Thanks for the advice,
I live in LA, so the riding season is all year long - the only drawback is you have to deal with LA drivers who have to be the worst in the nation with their addiction to texting and driving....everywhere you look drivers heads are buried in their phones glancing up every now and then ....
I hear what you are saying about avoiding too much mods to new ride but I definitely need something for the seat support as I can't go very far without tailbone getting numb
Slayer - Will definitely check out the gel pads, those might be exactly what I need.
Thanks for the link!
The highway pegs sound good too but wouldn't that position put even more weight on your tailbone?
Dave - Those Cobra highway bars look like the ones in my pics, thanks - are those easy to install?
You're far from the first to criticize the stock seat. Mustang seats are pricey, but worth it. Whole different world of comfort IMHO.
No experience with gel pads, but I suspect they're more effective at curing numb-butt than back pain. A backrest can't hurt, but may not fix the problem. On my bike, the backrest is set to the furthest-back position. I'm not normally resting against it when riding; it's more an "occasionally stretch back, let the backrest take some weight, change up the position" aid.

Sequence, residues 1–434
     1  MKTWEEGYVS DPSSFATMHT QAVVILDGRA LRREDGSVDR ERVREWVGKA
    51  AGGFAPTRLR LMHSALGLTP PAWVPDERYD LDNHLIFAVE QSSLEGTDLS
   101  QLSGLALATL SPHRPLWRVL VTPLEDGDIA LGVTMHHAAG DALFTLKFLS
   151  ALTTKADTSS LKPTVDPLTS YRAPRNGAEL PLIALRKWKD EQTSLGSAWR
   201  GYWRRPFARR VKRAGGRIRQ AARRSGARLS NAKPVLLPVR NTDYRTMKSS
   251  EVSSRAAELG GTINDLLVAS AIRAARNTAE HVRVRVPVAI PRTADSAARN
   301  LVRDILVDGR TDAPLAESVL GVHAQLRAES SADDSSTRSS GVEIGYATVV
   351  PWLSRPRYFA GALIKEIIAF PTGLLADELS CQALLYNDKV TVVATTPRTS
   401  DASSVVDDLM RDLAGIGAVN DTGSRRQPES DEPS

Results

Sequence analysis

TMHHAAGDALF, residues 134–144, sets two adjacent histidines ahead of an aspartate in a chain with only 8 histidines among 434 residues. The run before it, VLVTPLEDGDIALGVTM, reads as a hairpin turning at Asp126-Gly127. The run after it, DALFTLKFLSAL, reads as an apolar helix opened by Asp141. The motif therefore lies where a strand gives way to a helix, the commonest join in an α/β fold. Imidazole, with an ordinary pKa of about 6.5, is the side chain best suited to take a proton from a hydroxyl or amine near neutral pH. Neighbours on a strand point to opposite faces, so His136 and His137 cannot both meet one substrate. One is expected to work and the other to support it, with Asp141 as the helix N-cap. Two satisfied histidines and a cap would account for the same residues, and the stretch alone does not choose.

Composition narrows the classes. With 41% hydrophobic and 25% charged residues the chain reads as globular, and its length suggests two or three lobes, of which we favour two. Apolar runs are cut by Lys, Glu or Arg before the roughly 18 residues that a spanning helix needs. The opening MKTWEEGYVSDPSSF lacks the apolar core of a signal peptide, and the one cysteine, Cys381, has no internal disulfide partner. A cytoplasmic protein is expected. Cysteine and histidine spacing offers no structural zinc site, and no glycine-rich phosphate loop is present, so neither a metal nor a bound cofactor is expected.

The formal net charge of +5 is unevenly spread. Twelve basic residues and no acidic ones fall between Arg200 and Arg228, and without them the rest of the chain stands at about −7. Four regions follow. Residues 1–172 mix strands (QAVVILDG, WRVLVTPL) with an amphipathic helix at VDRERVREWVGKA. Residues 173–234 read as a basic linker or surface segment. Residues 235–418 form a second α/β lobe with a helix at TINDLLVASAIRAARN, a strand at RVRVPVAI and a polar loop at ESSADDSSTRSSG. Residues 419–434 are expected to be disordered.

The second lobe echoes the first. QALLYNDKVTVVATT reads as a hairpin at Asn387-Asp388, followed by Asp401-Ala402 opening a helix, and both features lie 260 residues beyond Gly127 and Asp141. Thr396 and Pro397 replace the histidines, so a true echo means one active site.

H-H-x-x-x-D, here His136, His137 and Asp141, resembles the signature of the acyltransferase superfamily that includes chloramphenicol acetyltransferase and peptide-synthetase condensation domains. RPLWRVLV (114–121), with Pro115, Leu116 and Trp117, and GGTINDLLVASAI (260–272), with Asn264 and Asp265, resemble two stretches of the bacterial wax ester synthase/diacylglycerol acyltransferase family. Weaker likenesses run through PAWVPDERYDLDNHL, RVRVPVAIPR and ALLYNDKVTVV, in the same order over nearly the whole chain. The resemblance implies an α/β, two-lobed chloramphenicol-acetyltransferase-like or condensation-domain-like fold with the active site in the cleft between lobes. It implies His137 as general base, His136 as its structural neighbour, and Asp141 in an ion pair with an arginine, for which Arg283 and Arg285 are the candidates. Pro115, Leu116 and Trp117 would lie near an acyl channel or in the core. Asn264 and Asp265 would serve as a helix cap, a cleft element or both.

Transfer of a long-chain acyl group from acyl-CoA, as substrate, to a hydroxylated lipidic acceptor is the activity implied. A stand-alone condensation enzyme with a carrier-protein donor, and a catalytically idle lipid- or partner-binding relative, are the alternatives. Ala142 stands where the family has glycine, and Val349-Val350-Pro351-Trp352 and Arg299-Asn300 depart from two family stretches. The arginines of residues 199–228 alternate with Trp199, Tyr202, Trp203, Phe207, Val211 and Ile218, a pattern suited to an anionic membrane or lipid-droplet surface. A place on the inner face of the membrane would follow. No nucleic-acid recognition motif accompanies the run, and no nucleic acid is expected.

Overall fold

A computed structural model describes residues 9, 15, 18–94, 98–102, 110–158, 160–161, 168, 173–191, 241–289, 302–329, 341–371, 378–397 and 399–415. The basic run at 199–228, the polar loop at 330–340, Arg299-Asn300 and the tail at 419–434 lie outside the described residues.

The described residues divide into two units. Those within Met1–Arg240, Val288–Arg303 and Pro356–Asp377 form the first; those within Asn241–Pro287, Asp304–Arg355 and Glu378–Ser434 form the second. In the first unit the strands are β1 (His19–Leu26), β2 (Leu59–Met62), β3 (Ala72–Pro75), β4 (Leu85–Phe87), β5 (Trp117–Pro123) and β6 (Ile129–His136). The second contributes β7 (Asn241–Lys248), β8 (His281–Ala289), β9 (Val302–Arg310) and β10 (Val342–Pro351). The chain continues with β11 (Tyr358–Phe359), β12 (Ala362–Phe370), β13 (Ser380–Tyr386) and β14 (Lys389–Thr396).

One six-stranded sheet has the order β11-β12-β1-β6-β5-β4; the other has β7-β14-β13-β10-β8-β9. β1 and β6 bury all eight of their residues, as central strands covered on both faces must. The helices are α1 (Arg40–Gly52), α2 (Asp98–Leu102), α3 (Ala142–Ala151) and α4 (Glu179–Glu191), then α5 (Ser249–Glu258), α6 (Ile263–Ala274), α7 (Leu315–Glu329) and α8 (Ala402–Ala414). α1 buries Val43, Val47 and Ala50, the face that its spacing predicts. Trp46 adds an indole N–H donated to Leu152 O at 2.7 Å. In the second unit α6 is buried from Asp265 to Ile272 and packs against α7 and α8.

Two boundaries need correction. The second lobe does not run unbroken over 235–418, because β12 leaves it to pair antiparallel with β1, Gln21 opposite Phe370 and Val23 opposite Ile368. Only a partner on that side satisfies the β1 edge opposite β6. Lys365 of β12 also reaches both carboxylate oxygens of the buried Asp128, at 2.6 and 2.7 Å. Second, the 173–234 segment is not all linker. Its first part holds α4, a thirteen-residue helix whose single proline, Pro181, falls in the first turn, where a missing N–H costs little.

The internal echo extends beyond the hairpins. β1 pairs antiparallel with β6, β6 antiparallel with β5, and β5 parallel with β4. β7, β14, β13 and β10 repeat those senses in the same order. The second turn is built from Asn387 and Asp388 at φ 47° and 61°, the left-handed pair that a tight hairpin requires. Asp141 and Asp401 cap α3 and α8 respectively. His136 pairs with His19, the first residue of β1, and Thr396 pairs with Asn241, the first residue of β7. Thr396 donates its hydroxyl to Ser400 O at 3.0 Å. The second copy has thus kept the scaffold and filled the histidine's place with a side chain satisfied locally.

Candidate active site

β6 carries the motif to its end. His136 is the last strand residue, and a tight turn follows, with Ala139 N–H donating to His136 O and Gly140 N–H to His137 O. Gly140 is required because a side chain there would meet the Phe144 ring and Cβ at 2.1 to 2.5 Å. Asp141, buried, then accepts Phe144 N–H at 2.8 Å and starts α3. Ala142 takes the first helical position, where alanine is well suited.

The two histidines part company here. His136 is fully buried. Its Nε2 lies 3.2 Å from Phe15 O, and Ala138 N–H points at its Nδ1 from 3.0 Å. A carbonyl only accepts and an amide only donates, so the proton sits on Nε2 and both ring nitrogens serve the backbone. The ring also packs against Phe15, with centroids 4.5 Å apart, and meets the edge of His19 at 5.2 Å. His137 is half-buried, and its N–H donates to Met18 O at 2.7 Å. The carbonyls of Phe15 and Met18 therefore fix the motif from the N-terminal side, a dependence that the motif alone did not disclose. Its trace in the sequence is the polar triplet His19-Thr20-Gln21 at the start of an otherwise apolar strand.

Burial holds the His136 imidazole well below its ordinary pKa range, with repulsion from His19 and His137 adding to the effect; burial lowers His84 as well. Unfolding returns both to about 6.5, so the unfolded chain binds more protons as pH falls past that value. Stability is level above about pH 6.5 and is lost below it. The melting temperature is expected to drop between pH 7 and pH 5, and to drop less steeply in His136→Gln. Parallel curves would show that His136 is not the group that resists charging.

Your arm and leg length matters too. I'm 6' and find my 1100 with Mustang seat offers a very comfortable position. Longer/Shorter arms and your lean/reach will be different. It may be that adjusting/changing the handlebars will be what matters. I know if my arms were a few inches shorter and I was having to lean forward/reach more for the bars, I'd likely be less comfortable.
As others here say, you'll not get back your investment on customizations, and you may not have this bike forever... If you can do free/cheap stuff like adjust bars, start with that. If it works, great. If not, THEN spend money.
As to the highway bars, I have and very much like them. Depending on how/where you ride, the ability to put your legs up on highway pegs might even fix your whole problem. I find that being able to move/modify my position is what really leads to best comfort.
As to the "crash bars" element... Companies certainly avoid using the term for liability purposes. And they're NOT some sort of free pass... However: although I've not laid a bike down in many, many years, when I did there were no bars and my knee is what got between the bike and the road. I'd probably not have titanium pins in my leg today if I'd had the bars.